THE community of Newburgh has been left reeling after intense national media interest in the private life of its minister, Rev. Lynn Brady.
It is understood that Miss Brady, who has been minister of Newburgh Parish Church linked with Abdie and Dunbog since 2002, had made it known to her congregation she intended to become engaged to her long term female partner.
This has been met with a mixed reaction in the town with many people showing their support for someone they regard as an “excellent” and “conscientious” minister, while others have questioned her decision to make her lesbian relationship public.
The controversy has resulted in one kirk elder allegedly refusing to return to the church until Miss Brady steps down.
Known throughout north east Fife for her outstanding charity work, Miss Brady’s fund-raising efforts have included raising £4500 for Marie Curie Cancer Care in 2008 by taking part in a sponsored 400-mile ‘Bike the Baltic’ cycle from Warsaw, birthplace of Marie Curie, to Vilnius in Lithuania.
The money she raised helped provide free nursing services to local people wishing to remain at home during their final days.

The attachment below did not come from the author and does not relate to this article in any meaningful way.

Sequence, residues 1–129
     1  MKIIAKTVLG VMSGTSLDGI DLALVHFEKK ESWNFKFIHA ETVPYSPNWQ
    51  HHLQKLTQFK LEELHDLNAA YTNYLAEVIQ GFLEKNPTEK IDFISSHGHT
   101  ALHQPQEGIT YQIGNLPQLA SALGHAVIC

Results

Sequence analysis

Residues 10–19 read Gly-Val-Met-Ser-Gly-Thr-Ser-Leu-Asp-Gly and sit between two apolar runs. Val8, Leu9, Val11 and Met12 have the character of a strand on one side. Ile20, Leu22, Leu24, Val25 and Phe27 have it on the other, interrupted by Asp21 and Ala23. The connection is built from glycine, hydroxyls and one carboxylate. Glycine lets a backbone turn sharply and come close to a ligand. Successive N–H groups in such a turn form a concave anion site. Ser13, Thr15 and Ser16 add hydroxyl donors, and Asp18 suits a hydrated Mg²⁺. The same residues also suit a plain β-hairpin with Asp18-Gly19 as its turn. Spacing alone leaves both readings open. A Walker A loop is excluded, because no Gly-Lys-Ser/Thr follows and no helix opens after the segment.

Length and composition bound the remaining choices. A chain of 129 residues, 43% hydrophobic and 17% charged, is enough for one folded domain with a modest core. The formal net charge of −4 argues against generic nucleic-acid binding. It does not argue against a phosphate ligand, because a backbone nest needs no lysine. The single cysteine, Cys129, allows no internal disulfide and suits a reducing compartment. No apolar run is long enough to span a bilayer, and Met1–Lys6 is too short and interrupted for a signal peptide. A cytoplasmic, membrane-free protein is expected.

Miss Brady is also an active member of the local community, serving as a co-opted member of Newburgh Primary School’s parent council, and has close links with Dunbog Primary School.
She is also chaplain of Cupar’s Adamson Hospital where she frequently works with cancer patients and their families.
It is understood the 47-year-old former moderator of St Andrews Presbytery, told people of her plans to enter into a civil partnership around a month ago.
Reports that the situation had prompted an emergency church meeting in Newburgh this week were quashed by a church member, who also confirmed that Miss Brady had taken advice from Church of Scotland lawyers not to talk to the press.
The moderator of St Andrews Presbytery, the Rev. John Murdoch, declined to comment, stating the Church of Scotland was dealing with all enquiries on the matter.
A Church of Scotland spokesman said: “We are not prepared to comment on private matters nor individual cases.
“May’s General Assembly agreed that ministers and deacons in same-sex relationships who were ordained before May 31, 2009 can be inducted to pastoral charges.
“The Church of Scotland has set up a Theological Commission to examine whether persons in a civil partnership are eligible for admission for training, ordination and induction as ministers of Word and Sacrament or deacons, among other issues, and a further report will be presented to the 2013 General Assembly.”